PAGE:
Sometimes, a view from the inside is the best way to find out why the system isn’t working.

A Tucson Citizen article this week outlining the difficulties some parents face when they opt to pull a child out of bilingual programs in the Tucson Unified School District revealed some disturbing observations from parents who sat in on bilingual classrooms.

* Amparo Martinez said she signed up to be a parent aide in her son’s kindergarten to find out what he was learning. She was told he would be taught in English for 45 minutes a day. The only time they actually used English, Martinez said, was during the pledge of alligiance.

* When Teresa Garcia last year visited her daughter’s first-grade bilingual classroom, she also observed that the children weren’t being taught in English. She moved her daughter into an English-only classroom, where she’s doing well.

* Carmen Acevedo, who removed her daughter from a bilingual program, said the only homework her daughter brought home last year was in Spanish.

How can bilingual teachers possibly expect their students to learn English if their instruction is limited to Spanish?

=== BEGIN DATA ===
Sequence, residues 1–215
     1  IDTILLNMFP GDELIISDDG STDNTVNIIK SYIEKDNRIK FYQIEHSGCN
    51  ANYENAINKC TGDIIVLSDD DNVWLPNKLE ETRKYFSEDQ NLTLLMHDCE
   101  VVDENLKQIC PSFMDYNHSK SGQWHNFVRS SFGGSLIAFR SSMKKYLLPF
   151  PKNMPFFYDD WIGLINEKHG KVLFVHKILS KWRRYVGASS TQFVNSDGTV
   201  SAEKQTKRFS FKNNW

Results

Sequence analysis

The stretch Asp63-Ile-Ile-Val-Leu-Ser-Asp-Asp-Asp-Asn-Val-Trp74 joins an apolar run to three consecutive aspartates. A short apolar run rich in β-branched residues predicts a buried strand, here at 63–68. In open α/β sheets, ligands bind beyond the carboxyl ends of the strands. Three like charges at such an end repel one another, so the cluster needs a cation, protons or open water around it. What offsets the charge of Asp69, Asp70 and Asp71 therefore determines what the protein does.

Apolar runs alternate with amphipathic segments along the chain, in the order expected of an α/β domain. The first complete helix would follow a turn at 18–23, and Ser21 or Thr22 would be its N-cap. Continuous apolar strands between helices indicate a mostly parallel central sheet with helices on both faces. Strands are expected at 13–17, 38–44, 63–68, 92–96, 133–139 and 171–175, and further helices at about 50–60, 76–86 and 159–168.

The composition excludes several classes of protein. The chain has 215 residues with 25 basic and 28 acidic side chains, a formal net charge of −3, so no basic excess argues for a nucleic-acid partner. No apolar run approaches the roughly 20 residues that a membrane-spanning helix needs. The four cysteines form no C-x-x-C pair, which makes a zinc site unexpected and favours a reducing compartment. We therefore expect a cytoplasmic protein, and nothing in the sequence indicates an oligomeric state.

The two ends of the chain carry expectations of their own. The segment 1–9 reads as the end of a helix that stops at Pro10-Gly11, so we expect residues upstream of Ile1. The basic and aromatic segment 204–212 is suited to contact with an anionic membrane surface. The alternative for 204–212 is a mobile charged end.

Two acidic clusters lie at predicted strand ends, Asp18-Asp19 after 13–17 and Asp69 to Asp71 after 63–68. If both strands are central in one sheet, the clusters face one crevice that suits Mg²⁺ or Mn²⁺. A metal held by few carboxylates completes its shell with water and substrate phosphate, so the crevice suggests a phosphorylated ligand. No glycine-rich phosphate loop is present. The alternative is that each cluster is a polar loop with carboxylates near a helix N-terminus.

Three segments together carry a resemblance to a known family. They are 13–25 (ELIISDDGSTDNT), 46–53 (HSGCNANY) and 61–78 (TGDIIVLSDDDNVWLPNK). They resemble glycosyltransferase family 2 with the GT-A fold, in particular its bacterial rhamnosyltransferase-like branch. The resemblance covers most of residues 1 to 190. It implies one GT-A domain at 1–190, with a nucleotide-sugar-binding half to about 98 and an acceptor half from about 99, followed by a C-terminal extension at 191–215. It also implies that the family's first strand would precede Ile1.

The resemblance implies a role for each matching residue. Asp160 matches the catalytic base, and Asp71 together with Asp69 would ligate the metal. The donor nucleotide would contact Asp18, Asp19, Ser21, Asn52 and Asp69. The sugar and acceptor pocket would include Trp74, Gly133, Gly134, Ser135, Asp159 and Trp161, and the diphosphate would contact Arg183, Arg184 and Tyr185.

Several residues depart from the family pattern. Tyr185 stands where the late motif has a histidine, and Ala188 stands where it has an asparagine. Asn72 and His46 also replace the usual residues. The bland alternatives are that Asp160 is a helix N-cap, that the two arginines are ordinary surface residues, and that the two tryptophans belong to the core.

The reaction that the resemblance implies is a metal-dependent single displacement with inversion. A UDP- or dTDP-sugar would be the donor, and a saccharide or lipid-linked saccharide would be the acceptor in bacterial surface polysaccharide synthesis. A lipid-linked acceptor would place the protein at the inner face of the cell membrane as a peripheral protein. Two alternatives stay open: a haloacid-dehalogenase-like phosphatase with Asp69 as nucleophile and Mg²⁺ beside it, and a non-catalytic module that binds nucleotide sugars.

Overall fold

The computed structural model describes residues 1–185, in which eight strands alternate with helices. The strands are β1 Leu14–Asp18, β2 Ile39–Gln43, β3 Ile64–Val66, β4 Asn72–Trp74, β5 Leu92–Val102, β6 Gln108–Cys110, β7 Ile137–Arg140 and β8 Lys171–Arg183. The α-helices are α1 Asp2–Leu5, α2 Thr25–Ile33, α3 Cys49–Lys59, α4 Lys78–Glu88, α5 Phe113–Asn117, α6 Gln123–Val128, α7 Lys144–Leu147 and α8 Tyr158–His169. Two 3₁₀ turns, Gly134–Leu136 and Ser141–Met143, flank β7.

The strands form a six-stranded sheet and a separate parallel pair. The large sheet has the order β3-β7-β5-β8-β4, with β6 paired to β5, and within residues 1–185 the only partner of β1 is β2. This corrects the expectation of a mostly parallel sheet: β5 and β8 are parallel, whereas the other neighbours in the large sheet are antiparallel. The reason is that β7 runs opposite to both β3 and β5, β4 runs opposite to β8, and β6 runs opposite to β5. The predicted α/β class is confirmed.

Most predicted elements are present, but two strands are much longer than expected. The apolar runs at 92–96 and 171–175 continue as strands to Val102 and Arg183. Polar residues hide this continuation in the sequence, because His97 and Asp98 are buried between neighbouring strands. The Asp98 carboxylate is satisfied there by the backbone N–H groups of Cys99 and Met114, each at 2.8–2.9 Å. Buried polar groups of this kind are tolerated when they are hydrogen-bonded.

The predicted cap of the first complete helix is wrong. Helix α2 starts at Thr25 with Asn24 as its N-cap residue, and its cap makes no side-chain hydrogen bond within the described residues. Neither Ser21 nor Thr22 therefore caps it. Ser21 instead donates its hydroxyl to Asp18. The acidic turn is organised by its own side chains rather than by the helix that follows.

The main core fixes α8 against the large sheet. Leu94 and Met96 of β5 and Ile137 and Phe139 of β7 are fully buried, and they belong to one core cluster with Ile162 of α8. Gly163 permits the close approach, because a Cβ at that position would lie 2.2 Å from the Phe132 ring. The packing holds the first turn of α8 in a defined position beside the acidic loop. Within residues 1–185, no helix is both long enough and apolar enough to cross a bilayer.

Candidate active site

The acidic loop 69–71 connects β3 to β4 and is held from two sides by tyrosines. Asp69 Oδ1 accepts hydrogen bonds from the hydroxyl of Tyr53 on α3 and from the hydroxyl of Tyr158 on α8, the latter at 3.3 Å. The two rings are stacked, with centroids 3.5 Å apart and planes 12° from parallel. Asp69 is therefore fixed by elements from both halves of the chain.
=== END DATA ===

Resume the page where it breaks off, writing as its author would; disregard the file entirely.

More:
The public has started to collectively wonder why so much tax money is spent on bilingual programs, which then crank out too many kids who can barely speak English.

Could the answer be as simple as this: No one is teaching it to them?

If you ask bilingual educators why so many students linger so long in bilingual programs without becoming proficient in English, they’re likely to launch into a long-winded diatribe, loaded with educational jargon, that amounts to: Each kid learns at a different pace.

Does that justify the snail’s pace of English instruction that appears to be going on in at least some bilingual classrooms?

Although bilingual educators wouldn’t dare express it in such crude terms, their rationale amounts to: Some Spanish-speaking kids can’t pick up English without years and years and years of specialized instruction.

We don’t buy it, and neither do the parents who have fought to get their kids out of bilingual programs.

Given the observation of some parents that no English instruction is taking place in some bilingual classrooms, TUSD administrators and school board members must find out just how widespread that practice is, and put a stop to it.

If they don’t voters might have to do it for them with an initiative similar to one passed recently in California that limits the number of years students can spend in bilingual programs.

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